747 graphy. The disorders ranged from strictures in the common bile duct to narrowing and beading of the intrahepatic ducts. A severe complication is portal hypertension and upper gastro-intestinal haemorrhage. Death may occasionally be due to liver failure.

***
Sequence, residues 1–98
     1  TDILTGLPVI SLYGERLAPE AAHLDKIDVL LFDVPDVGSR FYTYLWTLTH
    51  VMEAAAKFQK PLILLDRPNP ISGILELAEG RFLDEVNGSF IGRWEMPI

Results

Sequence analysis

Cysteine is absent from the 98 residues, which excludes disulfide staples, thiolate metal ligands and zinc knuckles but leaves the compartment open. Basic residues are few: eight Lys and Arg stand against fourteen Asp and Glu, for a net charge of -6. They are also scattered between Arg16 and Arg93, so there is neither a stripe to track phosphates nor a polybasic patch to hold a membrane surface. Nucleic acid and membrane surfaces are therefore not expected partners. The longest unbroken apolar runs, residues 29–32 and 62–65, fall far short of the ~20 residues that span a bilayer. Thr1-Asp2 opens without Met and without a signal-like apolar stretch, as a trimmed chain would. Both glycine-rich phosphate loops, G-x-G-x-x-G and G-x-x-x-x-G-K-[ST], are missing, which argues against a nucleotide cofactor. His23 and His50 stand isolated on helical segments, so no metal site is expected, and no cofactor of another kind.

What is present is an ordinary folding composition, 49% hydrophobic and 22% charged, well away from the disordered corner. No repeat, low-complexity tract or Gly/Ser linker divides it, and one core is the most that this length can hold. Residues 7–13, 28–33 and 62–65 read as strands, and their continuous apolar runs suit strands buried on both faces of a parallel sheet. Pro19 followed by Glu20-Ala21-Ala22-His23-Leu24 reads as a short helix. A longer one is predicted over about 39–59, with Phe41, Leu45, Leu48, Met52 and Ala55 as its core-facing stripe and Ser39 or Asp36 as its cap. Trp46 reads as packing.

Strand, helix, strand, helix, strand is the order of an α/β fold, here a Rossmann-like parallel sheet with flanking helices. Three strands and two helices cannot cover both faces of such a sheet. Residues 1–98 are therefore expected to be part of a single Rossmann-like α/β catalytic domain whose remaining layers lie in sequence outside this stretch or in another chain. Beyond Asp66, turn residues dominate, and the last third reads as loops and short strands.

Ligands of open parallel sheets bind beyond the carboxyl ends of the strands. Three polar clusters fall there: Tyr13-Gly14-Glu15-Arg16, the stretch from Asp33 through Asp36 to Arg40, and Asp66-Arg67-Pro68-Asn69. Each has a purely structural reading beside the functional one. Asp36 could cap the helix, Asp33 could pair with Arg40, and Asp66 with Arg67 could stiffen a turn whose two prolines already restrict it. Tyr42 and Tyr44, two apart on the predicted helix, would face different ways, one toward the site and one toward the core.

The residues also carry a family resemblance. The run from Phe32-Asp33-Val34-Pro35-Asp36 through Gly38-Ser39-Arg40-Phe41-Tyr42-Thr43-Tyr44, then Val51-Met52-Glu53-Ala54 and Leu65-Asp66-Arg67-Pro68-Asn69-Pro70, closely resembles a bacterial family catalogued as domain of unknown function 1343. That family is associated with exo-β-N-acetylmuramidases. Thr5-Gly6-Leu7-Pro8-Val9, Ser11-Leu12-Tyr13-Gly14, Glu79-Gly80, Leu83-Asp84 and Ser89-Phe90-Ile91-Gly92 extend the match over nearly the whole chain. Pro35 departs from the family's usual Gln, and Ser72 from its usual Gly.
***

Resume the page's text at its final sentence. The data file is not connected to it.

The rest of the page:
Therapy for malabsorption and malnutrition Malabsorption in CF can be improved by giving pancreatic extracts with meals [6, 97]. An important advance has been enteric coated microspheres resistant to acid which significantly enhances the enzyme activity in the duodenum. Instead of large amounts of pancreatic powder, only two or three capsules a meal are required for correction of malabsorption. However, intestinal absorption can only partly be corrected in most of the patients. Possible explanations for this are bile salt deficiency and the mucus barrier, which also limits absorption. Several investigators suggested that taurine supplementation improved fat absorption [15], but these results were not confirmed by others [115]. At present the usefulness of taurine supplementation is a subject of further investigation. A high energy intake is necessary for many patients, but this is often difficult to achieve [118]. Several methods have been introduced to increase energy supply [8, 95]. The efficacy of additional calories on nutritional status and pulmonary function has been investigated by many studies [118]. Most investigations on nutritional rehabilitation are short-term studies and show only transient improvement in nutritional status. In most studies the pulmonary function either did not change or showed a gradual decline. Long term hyperalimentation however may prevent further deterioration of lung function [8,95]. A comparison between different dietary strategies in two populations revealed that a normal fat intake was associated with a higher survival age and a taller stature compared to a restricted fat intake, but had no influence on lung function [16]. It is our experience that lung infections are often accompanied by a decrease in body weight [67]. To what extent maintenance of optimal nutritional condition will prevent pulmonary deterioration has not yet been answered. Important points are: a strict adherence to the diet; involvement by a team of food-technicians, dieticians and nurses; and most importantly palatable food. An increase in recommended daily allowance with 30%-50% for compensation of the extra losses and the increased energy expenditure is recommended. Fat should provide 40% of the daily energy in the diet and E F A 2 % - 5 % . Medium chain triglyceride fat is not recommended because of poor taste and high costs. Polyunsaturated fatty acids are preferred because of their increased digestibility. If extra calories are needed, glucose polymers may be used. Vitamin supplements are necessary and should preferably given in water soluble form (Table 2). Trace elements, particular zinc, are only prescribed in young infants with growth failure and during parenteral nutrition.